Don’t tell Mom I was at Musi

My friend Vasu was infamous in his circle of friends. Many were afraid of him as he used to pick up quarrel at the slightest provocation. Surprisingly, we got along well.  

Once the lifeline of the city, the Musi river flows south of my home at a distance of one and a half kilometres. Walking on the banks of the river was fun especially during the summers. We would come across many people from Ramanthapur village cutting grass and loading it on their bullock carts. The place looked serene with green grass all around.

Watching the sunset from these grasslands always looked beautiful. The evenings were cool with the chirping of birds. At a point very close to the banks were many trees including some fruit bearing ones such as Cheema Chintakaya (Sp. Pithecellobium dulce) provided cool shade. Once we felt thirsty, the villagers directed us to a spring. It was very close to the river, yet the water was refreshing and sweet. 

Once we challenged ourselves to walk along the bank till Nagole bridge. We did not know the path but still kept on walking. On the way, we got into knee deep mud. As the fields were irrigated from two parallel irrigation canals upstream, these canals carried sewage from the urban areas. The Para grass grows well with the drainage water and even in the waterlogged condition. The fresh grass is used as fodder for buffaloes to give a good yield of milk. People still prefer to buy fresh milk.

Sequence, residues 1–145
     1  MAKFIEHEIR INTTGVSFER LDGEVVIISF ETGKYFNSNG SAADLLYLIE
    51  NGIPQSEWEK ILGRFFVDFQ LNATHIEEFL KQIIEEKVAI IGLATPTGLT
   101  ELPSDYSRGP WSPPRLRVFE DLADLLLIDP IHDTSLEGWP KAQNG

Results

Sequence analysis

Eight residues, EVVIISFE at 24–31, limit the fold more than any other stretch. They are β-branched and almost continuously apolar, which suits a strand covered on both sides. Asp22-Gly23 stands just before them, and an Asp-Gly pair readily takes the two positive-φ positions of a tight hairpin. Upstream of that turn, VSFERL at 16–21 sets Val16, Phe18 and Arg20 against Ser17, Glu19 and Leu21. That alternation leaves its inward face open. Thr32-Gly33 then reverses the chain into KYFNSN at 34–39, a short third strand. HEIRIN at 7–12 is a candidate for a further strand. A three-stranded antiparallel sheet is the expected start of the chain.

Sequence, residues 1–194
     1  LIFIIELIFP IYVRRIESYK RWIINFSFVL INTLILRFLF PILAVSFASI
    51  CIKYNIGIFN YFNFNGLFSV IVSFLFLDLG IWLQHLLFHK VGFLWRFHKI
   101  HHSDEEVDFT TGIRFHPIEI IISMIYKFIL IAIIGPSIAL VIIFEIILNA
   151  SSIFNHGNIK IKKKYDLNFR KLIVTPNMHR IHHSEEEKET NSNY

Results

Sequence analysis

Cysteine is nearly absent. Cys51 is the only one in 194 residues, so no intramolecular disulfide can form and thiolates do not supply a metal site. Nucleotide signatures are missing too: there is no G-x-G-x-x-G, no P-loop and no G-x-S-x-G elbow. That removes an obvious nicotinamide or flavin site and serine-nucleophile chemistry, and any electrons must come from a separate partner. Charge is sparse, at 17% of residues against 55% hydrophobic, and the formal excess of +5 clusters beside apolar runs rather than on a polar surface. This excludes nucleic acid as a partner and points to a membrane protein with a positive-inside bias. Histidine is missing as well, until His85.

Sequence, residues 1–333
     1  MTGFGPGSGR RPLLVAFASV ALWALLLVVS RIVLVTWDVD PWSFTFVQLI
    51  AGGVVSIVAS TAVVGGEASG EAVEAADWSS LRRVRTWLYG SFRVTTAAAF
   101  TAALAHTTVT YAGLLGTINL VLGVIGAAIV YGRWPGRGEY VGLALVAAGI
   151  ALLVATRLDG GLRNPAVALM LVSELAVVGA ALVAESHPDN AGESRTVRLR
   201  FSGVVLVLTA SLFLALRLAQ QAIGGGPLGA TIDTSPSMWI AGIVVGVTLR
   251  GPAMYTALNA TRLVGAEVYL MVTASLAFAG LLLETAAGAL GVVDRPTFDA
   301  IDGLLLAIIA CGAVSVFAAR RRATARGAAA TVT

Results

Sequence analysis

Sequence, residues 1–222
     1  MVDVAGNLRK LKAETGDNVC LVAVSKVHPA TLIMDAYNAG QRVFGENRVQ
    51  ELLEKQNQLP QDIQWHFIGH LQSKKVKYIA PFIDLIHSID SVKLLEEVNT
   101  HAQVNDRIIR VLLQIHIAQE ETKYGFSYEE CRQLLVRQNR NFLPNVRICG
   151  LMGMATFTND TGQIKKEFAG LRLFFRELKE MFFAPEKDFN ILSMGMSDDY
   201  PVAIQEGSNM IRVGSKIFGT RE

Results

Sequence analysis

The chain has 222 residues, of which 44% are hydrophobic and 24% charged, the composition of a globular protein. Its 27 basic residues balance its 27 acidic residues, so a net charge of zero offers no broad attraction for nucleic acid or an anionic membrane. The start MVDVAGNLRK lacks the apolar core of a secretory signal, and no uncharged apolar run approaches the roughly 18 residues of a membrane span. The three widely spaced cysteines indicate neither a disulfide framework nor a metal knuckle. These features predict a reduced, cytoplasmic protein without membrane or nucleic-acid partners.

The earthen bunds separating the fields were narrow at some places. As we were new to the place, we fell into the fields with grass and mud. We made a mess of ourselves and the dirt stuck to our dress like grease. 

We watched the river was in its natural splendour with several water birds along the way. Finally, we managed to reach the Nagole bridge. We washed ourselves and clothes with relatively clean water and left for home. I never shared this incident with my mother.

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